Did you know Cricket evolved from a game developed by shepherds in southern England to pass the time while guarding their sheep? Or, that the first game of international cricket was played in New York between the USA and Canada. Or that the Sheffield Shield was created from money donated by an Englishman?
The new Origins of the Game gallery at the International Cricket Hall of Fame tells the story of cricket from its primitive rocks and sticks origins in the 1300’s to the infamous Bodyline era of the 1930’s. It offers a fascinating exploration of both cricket and events that have shaped the modern world.
The Origins of the Game gallery also features the history of the Sheffield Shield and we are thrilled to announce the Shield is now on display. This marks the first time the Sheffield Shield has been on display to the public in NSW other than during presentation ceremonies. Hardy Brothers Jewelers restored the shield in 2008 and it’s a rare opportunity for fans of the game to see the ornate silver trophy in person.
“The Sheffield Shield is such an important part of Australian Cricket and it’s a great chance for fans of the game to see the incredible detailed silver-work of the trophy up close and in person, many people don’t realise how beautiful the trophy is.” Rina Hore, Bradman Foundation Executive Director
“We’re really excited about the Origins of the Game Gallery, it naturally flows from the elements of The Game gallery so visitors firstly learn the basics of the game and then gain a deeper understanding in the context of major historical events.” Said Bradman Foundation curator David Wells.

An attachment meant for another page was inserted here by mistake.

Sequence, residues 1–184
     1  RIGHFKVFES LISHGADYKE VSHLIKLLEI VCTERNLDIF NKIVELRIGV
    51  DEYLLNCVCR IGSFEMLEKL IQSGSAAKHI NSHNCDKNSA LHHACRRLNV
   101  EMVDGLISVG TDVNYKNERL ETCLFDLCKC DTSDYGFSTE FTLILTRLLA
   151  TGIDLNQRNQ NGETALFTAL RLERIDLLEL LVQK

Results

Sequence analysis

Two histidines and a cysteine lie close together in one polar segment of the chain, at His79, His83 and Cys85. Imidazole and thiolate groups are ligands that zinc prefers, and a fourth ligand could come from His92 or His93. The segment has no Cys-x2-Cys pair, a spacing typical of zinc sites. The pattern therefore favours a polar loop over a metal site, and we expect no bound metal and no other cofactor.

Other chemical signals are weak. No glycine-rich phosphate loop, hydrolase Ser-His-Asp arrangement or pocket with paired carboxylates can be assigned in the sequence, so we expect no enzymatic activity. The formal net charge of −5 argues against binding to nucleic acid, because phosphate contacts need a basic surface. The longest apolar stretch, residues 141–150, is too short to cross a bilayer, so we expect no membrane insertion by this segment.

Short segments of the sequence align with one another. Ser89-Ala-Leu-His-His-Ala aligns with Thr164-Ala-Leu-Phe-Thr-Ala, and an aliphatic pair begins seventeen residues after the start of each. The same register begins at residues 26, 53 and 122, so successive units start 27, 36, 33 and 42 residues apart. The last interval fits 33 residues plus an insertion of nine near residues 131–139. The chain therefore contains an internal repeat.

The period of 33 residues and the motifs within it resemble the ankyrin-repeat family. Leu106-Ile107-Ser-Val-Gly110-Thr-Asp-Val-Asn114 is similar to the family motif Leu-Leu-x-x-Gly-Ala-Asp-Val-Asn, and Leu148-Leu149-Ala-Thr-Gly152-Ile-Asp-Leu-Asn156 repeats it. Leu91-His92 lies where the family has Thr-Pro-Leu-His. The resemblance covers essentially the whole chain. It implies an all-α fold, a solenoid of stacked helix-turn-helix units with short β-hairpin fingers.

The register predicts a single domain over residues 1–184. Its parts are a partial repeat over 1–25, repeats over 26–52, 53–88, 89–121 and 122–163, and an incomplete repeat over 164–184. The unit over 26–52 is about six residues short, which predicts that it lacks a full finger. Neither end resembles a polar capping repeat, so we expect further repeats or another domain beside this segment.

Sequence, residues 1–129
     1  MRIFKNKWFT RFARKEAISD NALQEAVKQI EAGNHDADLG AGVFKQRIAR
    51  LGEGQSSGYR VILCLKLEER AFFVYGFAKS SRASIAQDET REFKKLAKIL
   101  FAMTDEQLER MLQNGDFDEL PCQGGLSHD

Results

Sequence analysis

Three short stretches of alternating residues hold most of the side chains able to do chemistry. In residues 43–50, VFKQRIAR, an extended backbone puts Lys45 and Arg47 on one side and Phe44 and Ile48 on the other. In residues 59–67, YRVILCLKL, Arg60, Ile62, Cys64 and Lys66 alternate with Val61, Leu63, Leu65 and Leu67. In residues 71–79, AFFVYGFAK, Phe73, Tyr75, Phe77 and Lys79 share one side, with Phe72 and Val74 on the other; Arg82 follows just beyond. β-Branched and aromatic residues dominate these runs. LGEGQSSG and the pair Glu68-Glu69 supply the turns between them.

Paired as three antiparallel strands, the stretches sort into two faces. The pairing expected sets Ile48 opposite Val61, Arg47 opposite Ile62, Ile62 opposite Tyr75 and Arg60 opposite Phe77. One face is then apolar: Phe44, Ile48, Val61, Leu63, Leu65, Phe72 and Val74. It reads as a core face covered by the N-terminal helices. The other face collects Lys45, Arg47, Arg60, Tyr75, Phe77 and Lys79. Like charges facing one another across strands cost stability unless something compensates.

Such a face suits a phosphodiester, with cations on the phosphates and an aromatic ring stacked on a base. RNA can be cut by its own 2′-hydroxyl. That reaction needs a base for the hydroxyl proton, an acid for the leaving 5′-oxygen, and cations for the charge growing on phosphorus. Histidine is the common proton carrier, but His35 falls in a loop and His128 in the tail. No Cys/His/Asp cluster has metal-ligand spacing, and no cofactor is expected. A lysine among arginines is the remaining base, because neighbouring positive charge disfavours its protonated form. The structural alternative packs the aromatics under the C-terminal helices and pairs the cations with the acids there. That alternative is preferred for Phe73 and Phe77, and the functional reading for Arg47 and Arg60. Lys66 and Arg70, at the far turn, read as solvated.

Just about anything and everything to do with the development of cricket can be found in the new gallery, for example there is a reference to the outbreak of the French Revolution which caused an international match between England and France to be abandoned as most of the French Team were busy fleeing the country!
Items on display include the museum’s earliest bat, believed to be used by a left-hander from 1750 and crafted from a single piece of cherry wood. Also on display are countless rare photos of famous players, uniforms and blazers from various era’s, letters and articles, souvenirs, programs and scorecards.
“The magic of the Origins Gallery is that it’s accessible to all, it’s basically a storehouse of the most incredible facts, figures, photos and stories.” Said Rina Hore, Bradman Foundation Executive Director.
The Gallery also traces the involvement of the aristocracy and the church in the game. The aristocracy could see the money generating opportunities while the church saw it as a threat! For example, by the 17th Century cricket was so well established in southern England that Oliver Cromwell had the Church of England fine people for playing on Sundays.
The Origins of the Game Gallery will be officially opened on Saturday November 26, 2011 and the Sheffield Shield will be on display until mid December.